Given that 75 percent of Americans think current government is corrupt, perhaps a bold outsider is the right person at the right time. Carly Fiorina’s articulate, focused, and fearless performances in the Republican debates elevated her from an also-ran to a real contender. Although there are no voting records to peruse, her current positions are consistent with those during her 2010 run against incumbent Senator Barbara Boxer (D-CA). But whether Fiorina will make a good president is the relevant question.
Fiorina denounces crony capitalism, noting that big business and big government go hand in hand. She called the February 2009 stimulus package a “failure” and that the key to economic recovery is less government, taxation, and regulation. Fiorina supports creating additional tax breaks for small businesses and repealing the estate tax.
For a political outsider, Fiorina is credible and well versed on world affairs. She’s served on several relevant boards, including the External Advisory Board for the Central Intelligence Agency. With regard to the Palestinian/Israel conflict, she supports a two-state solution with Jerusalem as the undivided capital. Pursuant to our allies’ requests, to combat ISIL she would provide materiel to Jordan, intelligence to Egypt, and more weapons to the Kurds in northern Iraq. Fiorina would stop the Iran nuclear deal and verify actions before Iran sanctions are lifted.
Although Fiorina approved of the DREAM Act, she cautioned that it was “putting the cart before the horse.” In her view, immigration reform should be passed in a series of bills with the number one priority of securing our porous border. She supports a pathway to legalization but not full citizenship since such immigrants have broken the law.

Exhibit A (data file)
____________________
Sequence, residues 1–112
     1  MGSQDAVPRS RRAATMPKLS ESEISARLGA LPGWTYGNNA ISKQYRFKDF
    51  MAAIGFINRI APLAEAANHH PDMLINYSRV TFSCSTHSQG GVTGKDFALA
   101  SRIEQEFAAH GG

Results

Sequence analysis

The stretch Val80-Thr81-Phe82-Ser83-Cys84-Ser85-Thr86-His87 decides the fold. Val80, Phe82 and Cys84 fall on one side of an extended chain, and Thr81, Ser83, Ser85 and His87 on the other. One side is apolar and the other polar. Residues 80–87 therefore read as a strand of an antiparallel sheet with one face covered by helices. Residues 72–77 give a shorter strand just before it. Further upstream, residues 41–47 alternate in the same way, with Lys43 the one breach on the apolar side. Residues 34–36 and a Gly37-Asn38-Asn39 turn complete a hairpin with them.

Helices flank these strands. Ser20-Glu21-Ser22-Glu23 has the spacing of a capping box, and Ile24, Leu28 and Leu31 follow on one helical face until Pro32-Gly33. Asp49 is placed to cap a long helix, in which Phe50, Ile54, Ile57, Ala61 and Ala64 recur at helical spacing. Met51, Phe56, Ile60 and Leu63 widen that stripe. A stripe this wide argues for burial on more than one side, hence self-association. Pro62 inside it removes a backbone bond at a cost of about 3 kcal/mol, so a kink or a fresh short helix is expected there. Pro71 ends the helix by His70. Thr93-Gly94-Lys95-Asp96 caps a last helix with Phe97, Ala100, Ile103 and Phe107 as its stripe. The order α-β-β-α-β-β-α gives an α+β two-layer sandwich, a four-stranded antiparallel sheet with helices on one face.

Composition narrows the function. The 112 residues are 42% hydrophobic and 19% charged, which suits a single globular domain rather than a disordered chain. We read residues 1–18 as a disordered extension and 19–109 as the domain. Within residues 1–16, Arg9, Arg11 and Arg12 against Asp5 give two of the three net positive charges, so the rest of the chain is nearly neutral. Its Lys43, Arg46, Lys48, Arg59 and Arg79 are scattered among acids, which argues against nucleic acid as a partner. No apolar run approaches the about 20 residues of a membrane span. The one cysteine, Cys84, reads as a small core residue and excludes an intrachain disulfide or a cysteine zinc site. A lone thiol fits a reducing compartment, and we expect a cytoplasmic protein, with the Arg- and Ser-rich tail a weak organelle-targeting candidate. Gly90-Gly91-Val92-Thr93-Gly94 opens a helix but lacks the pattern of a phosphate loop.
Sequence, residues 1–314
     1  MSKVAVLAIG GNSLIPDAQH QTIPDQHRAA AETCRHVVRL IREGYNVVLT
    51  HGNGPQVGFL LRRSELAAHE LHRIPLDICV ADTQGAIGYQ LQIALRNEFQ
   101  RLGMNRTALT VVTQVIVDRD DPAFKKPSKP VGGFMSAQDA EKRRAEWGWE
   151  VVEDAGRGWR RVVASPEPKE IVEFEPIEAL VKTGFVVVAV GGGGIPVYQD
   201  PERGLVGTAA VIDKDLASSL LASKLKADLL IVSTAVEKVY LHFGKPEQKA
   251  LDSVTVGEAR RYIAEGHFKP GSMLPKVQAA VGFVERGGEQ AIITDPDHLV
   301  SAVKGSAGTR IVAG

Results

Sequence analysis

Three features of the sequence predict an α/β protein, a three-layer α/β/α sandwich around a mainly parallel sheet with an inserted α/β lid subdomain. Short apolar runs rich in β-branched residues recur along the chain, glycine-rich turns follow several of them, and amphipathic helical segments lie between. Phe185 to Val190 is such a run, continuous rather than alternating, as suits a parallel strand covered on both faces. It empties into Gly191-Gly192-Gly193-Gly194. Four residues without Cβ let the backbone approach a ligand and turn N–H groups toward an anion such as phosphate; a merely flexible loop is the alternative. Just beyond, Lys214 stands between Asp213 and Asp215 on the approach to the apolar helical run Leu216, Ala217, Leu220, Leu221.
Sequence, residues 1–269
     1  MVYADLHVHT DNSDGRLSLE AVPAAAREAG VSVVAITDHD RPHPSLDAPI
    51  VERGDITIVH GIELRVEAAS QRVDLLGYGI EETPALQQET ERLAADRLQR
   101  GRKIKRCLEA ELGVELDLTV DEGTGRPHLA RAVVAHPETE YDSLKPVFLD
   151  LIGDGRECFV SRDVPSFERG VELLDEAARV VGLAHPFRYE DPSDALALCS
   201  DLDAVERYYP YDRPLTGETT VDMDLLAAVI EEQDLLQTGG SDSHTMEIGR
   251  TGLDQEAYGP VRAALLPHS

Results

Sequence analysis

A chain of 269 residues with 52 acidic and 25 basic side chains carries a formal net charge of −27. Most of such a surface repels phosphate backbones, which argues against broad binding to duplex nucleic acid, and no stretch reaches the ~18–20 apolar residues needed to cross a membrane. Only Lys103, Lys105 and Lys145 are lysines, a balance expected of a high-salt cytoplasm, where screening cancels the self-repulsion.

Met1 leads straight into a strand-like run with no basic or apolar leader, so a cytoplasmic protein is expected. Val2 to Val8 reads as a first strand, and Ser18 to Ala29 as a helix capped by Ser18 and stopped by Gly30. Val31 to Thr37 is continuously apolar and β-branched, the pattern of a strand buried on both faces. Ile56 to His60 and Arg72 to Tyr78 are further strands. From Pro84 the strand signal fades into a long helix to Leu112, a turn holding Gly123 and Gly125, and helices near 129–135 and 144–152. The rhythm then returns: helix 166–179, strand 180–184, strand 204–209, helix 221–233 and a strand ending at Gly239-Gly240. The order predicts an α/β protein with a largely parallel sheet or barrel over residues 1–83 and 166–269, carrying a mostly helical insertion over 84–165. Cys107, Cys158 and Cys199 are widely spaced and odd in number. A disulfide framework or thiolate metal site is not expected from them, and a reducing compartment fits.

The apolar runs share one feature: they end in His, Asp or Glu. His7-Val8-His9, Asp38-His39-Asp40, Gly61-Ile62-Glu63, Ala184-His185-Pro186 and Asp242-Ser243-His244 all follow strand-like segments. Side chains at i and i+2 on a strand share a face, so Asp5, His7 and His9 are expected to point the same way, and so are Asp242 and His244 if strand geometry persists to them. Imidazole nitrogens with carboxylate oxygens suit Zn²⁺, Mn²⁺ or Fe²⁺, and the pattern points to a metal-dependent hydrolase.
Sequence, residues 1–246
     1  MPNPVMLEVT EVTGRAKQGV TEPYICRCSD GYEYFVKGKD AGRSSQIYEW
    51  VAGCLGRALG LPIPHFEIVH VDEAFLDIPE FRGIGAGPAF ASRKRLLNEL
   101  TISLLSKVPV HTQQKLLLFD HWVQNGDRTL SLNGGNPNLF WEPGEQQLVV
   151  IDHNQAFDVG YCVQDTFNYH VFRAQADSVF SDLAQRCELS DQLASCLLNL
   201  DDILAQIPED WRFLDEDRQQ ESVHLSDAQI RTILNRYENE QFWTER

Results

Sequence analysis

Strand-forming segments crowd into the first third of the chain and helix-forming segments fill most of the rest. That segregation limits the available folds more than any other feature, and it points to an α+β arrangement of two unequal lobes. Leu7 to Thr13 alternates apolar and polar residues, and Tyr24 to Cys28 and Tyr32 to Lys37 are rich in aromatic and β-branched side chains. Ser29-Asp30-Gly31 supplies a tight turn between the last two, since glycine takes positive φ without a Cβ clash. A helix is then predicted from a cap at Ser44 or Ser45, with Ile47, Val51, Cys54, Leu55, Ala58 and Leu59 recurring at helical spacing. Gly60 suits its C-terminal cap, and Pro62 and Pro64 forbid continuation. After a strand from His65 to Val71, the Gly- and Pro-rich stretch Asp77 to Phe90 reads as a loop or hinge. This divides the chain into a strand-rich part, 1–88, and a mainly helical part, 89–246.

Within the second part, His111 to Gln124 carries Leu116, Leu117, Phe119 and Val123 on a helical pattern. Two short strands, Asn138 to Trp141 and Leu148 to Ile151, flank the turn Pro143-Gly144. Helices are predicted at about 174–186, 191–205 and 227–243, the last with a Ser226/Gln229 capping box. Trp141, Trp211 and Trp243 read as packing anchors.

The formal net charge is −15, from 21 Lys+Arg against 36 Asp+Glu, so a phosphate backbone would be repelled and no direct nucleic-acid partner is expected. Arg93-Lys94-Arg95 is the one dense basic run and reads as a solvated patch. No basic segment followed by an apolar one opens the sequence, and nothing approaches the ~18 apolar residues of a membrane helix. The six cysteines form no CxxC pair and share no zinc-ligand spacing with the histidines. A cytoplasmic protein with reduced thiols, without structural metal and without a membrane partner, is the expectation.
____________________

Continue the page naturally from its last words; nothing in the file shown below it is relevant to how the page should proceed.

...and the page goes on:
Fiorina favors the standards set forth in No Child Left Behind and Race to the Top but with more local control. She believes these accountability and achievement goals are best met by policies that provide for vouchers, open enrollment, charter schools and career technical education.
Fiorina supports a ban on abortions after 20 weeks gestation except in cases of rape, incest or danger to the life of the mother. During the second 2015 Republican debate Fiorina distinguished herself by passionately declaring that haggling over pricing of aborted body parts poorly reflected on the character of our nation.
Since 2010 Fiorina has called for repeal of the Affordable Care Act, which she called a collaboration between big government and the health insurance companies trying to protect their franchises. However in 2013, she agreed with two ACA provisions: the individual mandate and the ban on discrimination by insurers against people with pre-existing conditions. Fiorina’s recipe for reform consists of encouraging competition in the health insurance market, reforming medical malpractice, increasing accessibility to community clinics, and increasing federal aid to states to administer high-risk pools to help the needy.
Hewlett Packard—Competence as a Chief Executive